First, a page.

Metro: Last Light won't be for everybody. The first game in the series was an unapologetically bleak trudge through flickering train tunnels under a nuke-bombed Moscow with only a lighter and your shadow for company. And when you finally clawed your way to the surface? Nothing but grey skies, acid rain and mutants that look like the products of Rancor/Elephant Man sexy time.
Give in, however, and you'll miss out on one of this generation's most atmospheric games, part action-packed shooter, part survival horror and fully certified pant-filler. This picks up a year after Metro 2033's 'bad ending' in which Artyom, reprising his lead role here, sticks two fingers up to the concept of reconciliation and nukes an intelligent race of mutated (but not all bad) humanoids called the Dark Ones.
Moral plurality? Pah! It's absolutism all the way, and while this cajoling of the player on a set course betrays the very function of a dual ending, moral choices and multiple conclusions will, we're told, return.
But Mass Effect this ain't. Artyom's not the type to sit and ponder, and it's beneath a poisoned sky in concrete catacombs you'll quell a subterraneous civil war between survivors, bandits, mutants and the Third Reich, racing to secure a doomsday device from the bowls of top secret military facility known only as D6. That'll involve a lot of shooting, 2033's stumbling point.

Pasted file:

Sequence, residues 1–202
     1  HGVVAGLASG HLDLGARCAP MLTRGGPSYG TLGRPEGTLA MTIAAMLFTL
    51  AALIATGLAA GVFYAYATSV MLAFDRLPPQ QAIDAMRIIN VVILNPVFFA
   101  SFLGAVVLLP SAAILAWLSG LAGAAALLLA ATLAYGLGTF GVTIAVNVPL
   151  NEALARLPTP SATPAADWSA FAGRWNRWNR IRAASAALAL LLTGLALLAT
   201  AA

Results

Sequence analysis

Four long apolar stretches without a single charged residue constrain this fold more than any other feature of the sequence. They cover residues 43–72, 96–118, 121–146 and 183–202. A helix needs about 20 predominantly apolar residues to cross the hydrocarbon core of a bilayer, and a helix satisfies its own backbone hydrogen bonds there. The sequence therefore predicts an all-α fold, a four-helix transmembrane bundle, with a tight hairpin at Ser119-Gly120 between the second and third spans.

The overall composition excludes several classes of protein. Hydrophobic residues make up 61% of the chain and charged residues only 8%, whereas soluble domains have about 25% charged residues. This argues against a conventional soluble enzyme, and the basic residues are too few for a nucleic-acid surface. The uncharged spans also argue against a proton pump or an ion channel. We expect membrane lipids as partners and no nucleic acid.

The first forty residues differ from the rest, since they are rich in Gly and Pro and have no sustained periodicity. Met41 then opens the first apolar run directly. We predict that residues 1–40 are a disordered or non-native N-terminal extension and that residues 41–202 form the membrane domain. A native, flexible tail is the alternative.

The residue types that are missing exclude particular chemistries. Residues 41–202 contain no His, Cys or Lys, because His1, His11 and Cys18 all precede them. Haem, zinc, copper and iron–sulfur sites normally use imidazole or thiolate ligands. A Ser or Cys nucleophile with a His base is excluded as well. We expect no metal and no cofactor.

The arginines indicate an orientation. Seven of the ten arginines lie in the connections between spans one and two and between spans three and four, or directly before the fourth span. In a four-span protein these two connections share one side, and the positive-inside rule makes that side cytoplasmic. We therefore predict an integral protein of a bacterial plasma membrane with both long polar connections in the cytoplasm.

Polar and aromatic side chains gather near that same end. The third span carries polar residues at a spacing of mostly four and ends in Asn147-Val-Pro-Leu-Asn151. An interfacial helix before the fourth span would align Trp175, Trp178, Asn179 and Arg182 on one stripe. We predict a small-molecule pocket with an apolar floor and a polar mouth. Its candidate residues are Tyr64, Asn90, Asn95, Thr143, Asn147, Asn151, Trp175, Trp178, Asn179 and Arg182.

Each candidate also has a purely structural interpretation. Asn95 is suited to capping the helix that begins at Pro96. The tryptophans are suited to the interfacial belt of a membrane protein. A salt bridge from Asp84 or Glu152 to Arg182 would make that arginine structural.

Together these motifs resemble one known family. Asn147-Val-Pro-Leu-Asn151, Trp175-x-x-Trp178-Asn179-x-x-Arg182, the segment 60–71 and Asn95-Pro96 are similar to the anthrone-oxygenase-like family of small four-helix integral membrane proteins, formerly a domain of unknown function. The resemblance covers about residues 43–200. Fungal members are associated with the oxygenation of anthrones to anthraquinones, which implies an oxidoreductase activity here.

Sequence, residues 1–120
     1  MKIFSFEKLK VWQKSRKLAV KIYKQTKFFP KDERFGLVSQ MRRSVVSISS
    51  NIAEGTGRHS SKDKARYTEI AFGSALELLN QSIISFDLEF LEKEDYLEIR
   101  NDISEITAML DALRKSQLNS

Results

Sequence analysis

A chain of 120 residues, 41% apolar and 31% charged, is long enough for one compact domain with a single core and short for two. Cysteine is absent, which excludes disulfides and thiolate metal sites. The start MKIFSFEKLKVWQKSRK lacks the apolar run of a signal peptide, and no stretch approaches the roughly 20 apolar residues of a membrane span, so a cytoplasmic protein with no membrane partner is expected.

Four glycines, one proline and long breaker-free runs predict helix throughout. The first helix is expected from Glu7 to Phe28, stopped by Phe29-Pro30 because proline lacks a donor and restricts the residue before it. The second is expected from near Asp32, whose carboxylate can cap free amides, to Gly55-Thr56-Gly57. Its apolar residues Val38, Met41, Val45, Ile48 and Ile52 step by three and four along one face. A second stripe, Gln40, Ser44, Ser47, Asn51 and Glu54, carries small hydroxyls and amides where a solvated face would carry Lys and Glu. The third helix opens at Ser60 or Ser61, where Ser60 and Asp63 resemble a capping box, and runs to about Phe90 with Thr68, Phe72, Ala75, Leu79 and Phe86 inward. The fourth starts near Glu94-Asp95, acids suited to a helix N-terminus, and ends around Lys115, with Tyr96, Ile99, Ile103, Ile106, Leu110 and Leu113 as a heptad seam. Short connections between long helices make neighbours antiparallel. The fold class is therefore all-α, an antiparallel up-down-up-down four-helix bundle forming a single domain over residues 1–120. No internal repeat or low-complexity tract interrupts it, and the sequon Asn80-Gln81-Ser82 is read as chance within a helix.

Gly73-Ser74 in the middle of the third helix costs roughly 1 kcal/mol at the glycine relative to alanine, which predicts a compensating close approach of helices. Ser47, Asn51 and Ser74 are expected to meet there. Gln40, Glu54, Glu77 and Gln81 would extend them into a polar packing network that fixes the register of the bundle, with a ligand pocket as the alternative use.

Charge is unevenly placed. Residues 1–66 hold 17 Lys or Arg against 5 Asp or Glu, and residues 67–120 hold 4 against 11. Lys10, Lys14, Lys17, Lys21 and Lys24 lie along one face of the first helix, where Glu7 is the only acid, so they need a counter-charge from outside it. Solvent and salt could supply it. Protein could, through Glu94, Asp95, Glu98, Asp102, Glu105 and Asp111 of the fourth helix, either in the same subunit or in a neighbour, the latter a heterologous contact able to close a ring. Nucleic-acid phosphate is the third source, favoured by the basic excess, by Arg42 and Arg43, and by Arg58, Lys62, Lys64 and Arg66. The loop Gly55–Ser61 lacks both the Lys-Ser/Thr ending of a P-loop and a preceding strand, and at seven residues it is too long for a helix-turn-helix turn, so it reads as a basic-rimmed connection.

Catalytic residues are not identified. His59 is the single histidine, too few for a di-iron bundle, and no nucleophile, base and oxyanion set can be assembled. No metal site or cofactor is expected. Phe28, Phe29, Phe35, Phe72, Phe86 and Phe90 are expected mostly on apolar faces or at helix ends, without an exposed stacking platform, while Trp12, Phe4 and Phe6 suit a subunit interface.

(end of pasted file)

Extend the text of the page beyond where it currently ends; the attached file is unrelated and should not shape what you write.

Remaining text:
For all its immersion, actually wielding the assortment of electromagnetic volt drivers, rattling revolvers and rusted flamethrowers felt painfully limp in the first game. Simply, if blasting a giant radioactive wolf in the face isn't fun then there's a serious problem. Last Light rectifies that: roaring miniguns churn like a dozen chainsaws in a washing machine, and gunfire rips through the air with a freighting crack. It's not all ballistics; throwing knives return, along with sticky grenades, bayonets, and attachments including customisable scopes, suppressors and barrels.
The irony is, during our walkthrough Artyom barely fires a shot, his nervous fingers lightly tapping the trigger as if issuing Morse code. You start - surprise surprise - in a tunnel. It soon opens up into what looks like a waiting area, near pitch black and choked with dust. You reach for an oil lamp and the room floods with dull light, revealing paint-peeled walls and mouldy scraps of trash strewn across the floor. Suddenly a rat - or what looks like one - darts from the glare, leading your eyes to a rotting body. You bend over to inspect it and crab-sized spiders burst from its mouth and ALL OVER YOUR FACE.
Last Light is full of these darkly detailed scenarios, hardly easy-going fare and not fun in the strictest sense, but definitely compelling.